This blog was written by Abby Cowperthwaite, first-year BSc International Disaster Management and Humanitarian Response student at the Humanitarian and Conflict Response Institute (HCRI). The blog was part of an assessment for the Introduction to Disaster Management module. Abby received one of the highest marks in her cohort, and so we are featuring her blog here. The blog highlights the short and long-term impacts of a disaster toward women in internally displaced persons’ (IDP) camps following the 2010 Haiti Earthquake.
Trigger warning: this blog contains references to sexual violence throughout.
The experiences of women in IDP Camps in the aftermath of the Haiti Earthquake
The Caribbean island of Haiti was hit with a 7.0 magnitude earthquake on 12th January 2010, specifically its capital Port au Prince (de Ville de Goyet et al., 2012), resulting in extensive short and long-term impacts. Gender can determine a person’s vulnerability to the impacts of disasters which presents itself in sexual violence towards women in IDP camps (Duramy, 2012). This blog will explore sexual violence as an impact of long-term displacement to show how disaster exacerbates and highlights gender inequality, with women being left the most vulnerable.
Gender inequality and sexual violence in Haiti
Manifestations of gender inequality resulted in increased sexual violence following the earthquake (Campbell et al. 2016). Social structures that place value on masculinity and associate femininity with weakness perpetuate this inequality (Sheller, 2013) as women’s societal power is reduced, making women more vulnerable to sexual violence. The prolonged impacts of 310,000 homes being destroyed and 1.5 million people having to live in temporary shelters (de Ville de Goyet et al., 2012) has made women particularly vulnerable to sexual violence.
The short-term becoming long-term
Sexual violence increased due to inadequate security and prevention of gender-based violence in IDP camps. This is highlighted by the testimony below.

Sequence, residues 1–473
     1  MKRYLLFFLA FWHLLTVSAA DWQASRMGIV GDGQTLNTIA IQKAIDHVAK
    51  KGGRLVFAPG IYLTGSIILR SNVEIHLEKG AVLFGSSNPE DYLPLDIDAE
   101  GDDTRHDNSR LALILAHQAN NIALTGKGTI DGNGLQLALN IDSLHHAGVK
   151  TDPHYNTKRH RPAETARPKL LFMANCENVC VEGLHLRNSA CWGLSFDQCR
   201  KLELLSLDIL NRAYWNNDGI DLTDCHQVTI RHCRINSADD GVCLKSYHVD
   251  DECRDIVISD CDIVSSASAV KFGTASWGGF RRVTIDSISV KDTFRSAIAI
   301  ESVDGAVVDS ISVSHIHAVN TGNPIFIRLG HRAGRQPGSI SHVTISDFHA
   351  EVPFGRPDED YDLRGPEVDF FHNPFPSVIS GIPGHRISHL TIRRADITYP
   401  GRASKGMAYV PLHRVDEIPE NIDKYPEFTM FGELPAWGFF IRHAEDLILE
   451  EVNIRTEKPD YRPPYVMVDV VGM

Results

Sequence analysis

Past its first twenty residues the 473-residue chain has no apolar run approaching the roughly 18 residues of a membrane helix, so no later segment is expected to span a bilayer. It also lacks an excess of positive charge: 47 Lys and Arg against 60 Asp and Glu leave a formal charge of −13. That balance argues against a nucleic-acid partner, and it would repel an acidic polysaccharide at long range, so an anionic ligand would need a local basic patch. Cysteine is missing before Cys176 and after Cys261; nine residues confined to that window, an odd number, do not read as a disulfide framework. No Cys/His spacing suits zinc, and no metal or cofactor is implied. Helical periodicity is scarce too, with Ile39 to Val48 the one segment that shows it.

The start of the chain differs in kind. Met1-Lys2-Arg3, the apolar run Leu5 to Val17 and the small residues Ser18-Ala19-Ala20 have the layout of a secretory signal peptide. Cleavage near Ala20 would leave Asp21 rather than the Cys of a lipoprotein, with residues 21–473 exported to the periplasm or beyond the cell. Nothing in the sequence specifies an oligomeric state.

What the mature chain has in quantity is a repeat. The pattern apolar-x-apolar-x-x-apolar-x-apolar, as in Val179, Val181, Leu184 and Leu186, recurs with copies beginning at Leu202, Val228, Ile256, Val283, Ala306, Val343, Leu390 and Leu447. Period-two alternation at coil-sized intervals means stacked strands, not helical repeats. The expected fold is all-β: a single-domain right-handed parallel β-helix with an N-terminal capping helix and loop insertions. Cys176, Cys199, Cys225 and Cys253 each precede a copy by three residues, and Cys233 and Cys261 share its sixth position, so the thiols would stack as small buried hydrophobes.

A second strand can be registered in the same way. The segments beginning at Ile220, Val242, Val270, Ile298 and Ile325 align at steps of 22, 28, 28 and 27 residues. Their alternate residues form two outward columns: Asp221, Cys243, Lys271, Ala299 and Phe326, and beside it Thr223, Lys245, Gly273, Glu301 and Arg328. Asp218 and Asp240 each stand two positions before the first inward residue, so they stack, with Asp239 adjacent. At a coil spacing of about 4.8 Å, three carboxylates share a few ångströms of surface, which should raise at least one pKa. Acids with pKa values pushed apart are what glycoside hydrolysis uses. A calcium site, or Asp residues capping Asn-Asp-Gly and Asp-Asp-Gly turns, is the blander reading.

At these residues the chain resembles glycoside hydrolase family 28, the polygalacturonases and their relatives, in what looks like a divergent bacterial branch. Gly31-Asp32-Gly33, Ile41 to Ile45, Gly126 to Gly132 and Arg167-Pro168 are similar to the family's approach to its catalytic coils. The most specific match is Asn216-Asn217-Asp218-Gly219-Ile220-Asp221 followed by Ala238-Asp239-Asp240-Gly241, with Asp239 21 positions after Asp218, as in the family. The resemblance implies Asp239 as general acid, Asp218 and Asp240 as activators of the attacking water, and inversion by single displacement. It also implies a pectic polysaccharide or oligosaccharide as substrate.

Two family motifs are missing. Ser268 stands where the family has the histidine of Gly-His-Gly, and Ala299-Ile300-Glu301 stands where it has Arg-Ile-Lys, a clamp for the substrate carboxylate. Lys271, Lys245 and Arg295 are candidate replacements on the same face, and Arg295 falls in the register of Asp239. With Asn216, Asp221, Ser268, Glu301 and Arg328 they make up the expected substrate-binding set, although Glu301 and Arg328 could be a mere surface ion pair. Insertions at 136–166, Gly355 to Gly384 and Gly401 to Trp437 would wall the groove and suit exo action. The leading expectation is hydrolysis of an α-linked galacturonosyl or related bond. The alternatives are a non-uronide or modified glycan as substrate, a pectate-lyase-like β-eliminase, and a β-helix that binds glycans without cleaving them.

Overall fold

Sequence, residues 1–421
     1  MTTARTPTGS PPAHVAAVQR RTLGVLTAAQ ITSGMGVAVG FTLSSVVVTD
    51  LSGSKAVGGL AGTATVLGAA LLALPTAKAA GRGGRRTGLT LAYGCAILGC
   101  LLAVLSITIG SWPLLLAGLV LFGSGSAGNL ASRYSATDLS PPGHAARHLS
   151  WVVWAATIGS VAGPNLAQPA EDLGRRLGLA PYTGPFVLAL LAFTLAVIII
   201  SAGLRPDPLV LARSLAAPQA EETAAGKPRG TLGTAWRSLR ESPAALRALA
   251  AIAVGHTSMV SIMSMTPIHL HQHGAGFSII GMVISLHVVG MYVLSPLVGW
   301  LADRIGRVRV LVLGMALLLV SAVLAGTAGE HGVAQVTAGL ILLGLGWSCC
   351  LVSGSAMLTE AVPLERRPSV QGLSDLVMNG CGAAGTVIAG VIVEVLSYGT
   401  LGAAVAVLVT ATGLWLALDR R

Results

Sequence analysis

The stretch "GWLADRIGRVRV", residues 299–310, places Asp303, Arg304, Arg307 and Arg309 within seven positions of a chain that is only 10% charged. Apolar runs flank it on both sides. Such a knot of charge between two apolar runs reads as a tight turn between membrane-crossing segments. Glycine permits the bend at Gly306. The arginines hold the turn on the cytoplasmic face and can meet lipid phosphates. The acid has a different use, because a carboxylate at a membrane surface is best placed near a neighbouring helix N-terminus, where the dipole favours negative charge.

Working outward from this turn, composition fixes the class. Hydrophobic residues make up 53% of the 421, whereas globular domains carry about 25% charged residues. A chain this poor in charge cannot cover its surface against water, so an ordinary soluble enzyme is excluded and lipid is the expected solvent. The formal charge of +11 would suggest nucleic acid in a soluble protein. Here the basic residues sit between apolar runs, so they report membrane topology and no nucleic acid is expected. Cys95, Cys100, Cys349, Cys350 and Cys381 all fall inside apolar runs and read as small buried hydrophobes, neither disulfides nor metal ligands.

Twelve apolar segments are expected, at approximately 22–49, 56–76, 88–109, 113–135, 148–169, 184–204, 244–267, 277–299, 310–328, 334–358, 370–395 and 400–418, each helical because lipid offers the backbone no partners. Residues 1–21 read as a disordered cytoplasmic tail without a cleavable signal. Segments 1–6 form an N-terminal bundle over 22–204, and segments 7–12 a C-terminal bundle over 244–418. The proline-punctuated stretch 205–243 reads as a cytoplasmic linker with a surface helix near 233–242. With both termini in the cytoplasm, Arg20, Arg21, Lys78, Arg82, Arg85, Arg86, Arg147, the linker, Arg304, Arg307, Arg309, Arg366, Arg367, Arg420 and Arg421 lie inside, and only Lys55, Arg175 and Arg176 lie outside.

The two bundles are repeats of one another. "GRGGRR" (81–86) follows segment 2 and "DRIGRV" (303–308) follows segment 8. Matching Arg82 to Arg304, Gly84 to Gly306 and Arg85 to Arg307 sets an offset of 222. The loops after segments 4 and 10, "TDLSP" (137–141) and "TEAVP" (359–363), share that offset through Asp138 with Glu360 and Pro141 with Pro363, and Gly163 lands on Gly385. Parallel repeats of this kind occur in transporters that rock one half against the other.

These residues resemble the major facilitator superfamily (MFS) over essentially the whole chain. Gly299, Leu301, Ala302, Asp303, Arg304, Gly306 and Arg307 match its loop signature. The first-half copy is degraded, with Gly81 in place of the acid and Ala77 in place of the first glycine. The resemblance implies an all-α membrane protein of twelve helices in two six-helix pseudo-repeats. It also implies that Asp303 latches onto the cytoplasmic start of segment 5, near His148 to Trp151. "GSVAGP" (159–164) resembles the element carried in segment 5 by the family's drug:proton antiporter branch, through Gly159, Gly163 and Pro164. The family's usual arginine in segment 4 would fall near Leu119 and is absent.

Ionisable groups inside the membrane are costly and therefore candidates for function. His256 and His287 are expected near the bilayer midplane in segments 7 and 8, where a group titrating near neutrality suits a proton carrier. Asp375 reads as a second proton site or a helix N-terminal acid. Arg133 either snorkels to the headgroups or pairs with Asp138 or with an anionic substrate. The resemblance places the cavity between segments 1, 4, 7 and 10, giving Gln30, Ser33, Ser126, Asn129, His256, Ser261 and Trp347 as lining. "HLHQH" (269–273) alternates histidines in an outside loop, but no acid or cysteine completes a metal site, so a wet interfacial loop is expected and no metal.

“My daughter was raped and so I sent her to the provinces. Four men raped her… She is 13 years old…At Place Mausolée, there is no security at all.”
-Guerline, interviewed by Amnesty International (2011).
Camps were overcrowded with a lack of privacy and lighting (Duramy, 2012). Unlike the home, tents are not secure, and a loss of family structure and support meant that women would have felt a constant threat of attack. Police also frequently turned down women who approached them about an incident (Amnesty International, 2011); thus, gender inequality is institutionalised, causing the problem to persist. Further, little treatment was available due to the collapse of hospitals (de Ville de Goyet et al., 2012), and a poor provision of women’s sexual health services (Human Rights Watch, 2011) highlighted the lack of consideration for gendered impacts.
Six years after the earthquake, approximately 62,600 people remained in camps (UN, 2016) as displacement became long-term. With sexual violence continuing and a lack of healthcare, female rape victims would be vulnerable to unwanted pregnancy, sexually transmitted diseases and maternal and infant mortality (Amnesty International, 2011), all of which have long-term consequences. Psychological impacts would likely arise from women’s experiences, such as post-traumatic stress disorder. Rape victims, for example, were found to have suffered from the condition five years after the earthquake (Rahill et al. 2015).